“‘I should like to be able to love my country as much as I love justice.'”
“A print bearing this powerful quote by Albert Camus crafted by DIY printmaker Sister Korita Kent in her East Hollywood office hung on the wall of Senator Bobby Kennedy’s office in DC. Sister Corita was an artist, educator, social justice advocate, and perhaps L.A.’s most prolific nun. But now the historic space that incubated her passion for art and education is in jeopardy thanks to developers who want to make way for a new grocery store and parking structure.”
Developers Want to Turn the Former Studio of East Hollywood’s Nun-Turned-Godmother of Pop Art into an Organic Market, by Gab Chabran, L.A. Taco, 18 August 2020
Wake up, LA! We lost the Self-Help Graphics building, let’s try to keep this one.
“Three of publishing’s most important organizations have teamed up to write a letter to the chairman of the House Antitrust Subcommittee investigating the market power of Big Tech to press their case that, over the last several years, Amazon’s growing dominance over book publishing and bookselling has fundamentally altered the competitive framework of the industry. If Amazon’s power is left unchecked, the letter continues, competition within publishing could diminish even more.”
Publishing Leaders Issuing Warning over Amazon’s Market Power, by Jim Milliot, PW, 18 August 2020
Wow, check out the picture of Amazon’s bookstore in Pacific Palisades. Why would they have a bookstore? Don’t they know they wrecked that kind of thing? Or maybe that’s why they have a bookstore? Weird. And possibly evil.
“A strong economy in 2019 resulted in more giving by individuals, corporations, and foundations, as well as increases in giving to organizations in all but one of the nine recipient categories tracked by Giving USA — six of which recorded their highest ever giving totals (adjusted for inflation) in 2019. The analysis also found that the growth in giving in 2019 was driven by a jump in giving by individuals, which rose 4.7 percent and logged its second-highest dollar total (adjusted for inflation) ever — and which handily remains the largest single source of charitable giving at 69 percent of total giving. In recent years we’ve also seen giving by foundations comprising an increasingly larger share of total giving emerge as a trend; in 2019, that share was 17 percent for the second year in a row, the highest on record.”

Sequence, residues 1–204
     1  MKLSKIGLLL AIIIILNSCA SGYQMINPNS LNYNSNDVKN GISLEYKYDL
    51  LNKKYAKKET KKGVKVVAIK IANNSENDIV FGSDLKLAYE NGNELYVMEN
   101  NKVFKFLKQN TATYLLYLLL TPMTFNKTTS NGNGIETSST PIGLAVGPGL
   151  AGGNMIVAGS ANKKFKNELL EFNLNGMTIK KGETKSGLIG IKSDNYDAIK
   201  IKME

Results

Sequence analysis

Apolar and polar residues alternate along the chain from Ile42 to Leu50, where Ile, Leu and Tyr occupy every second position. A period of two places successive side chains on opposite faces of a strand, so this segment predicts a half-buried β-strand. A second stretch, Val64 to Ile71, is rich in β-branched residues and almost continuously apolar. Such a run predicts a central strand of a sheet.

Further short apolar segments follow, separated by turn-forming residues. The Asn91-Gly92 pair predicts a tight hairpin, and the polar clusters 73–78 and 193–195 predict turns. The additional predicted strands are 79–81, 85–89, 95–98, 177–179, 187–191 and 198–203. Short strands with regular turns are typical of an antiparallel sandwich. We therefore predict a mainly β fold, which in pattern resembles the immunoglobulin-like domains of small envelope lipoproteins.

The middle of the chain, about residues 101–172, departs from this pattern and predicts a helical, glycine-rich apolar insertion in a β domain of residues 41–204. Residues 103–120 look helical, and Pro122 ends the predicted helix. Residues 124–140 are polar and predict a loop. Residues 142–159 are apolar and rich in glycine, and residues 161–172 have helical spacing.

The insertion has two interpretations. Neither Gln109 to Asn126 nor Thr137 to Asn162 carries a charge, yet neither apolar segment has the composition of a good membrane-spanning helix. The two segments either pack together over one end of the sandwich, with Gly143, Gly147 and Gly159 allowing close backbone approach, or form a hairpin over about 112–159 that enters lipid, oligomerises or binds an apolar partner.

Donors have an opportunity to build on last year’s strong giving, by Rick Dunham, PhilanTopic, 17 August 2020
“The same patterns are evident in tracking surveys from Civiqs and YouGov/The Economist. In the Civiqs data, white respondents’ net support (support minus opposition) for the Black Lives Matter movement surged from -4 shortly before the protests to +10 in early June, but has since dropped to 6 points underwater. Meanwhile, Black Americans’ net support went from +76 in early May to +85 in early June and has remained within a point of that mark ever since. And in the YouGov/The Economist surveys, the share of white Americans who said racism is a big problem decreased from 45 percent in June to 33 percent when the question was last asked in early August. Three-quarters of Black Americans, on the other hand, said racism was a big problem in both surveys.”
Support For Black Lives Matter Surged During Protests, But Is Waning Among White Americans, by Michael Tesler, 538, 19 August 2020
Well, at least it isn’t a backlash.
“Republicans are far more likely than Democrats to say major tech companies favor the views of liberals over conservatives. At the same time, partisans differ on whether social media companies should flag inaccurate information on their platforms.”
Most Americans Think Social Media Sites Censor Political Viewpoints, by Pew Research Center, 19 August 2020
“Stuck at home during COVID-19, residents are tossing out a record amount of trash. In 2019, the City of Los Angeles broke a record for requests to respond to illegal dumping, with more than 123,000 calls to haul away mattresses, shopping carts, couches and other items abandoned on streets and sidewalks. This year, with millions of Angelenos spending more time indoors and finally getting the chance to clean out those cluttered closets and basements, the city is on pace to surpass that figure, and some local garbage hauling is increasing by more than 85%.”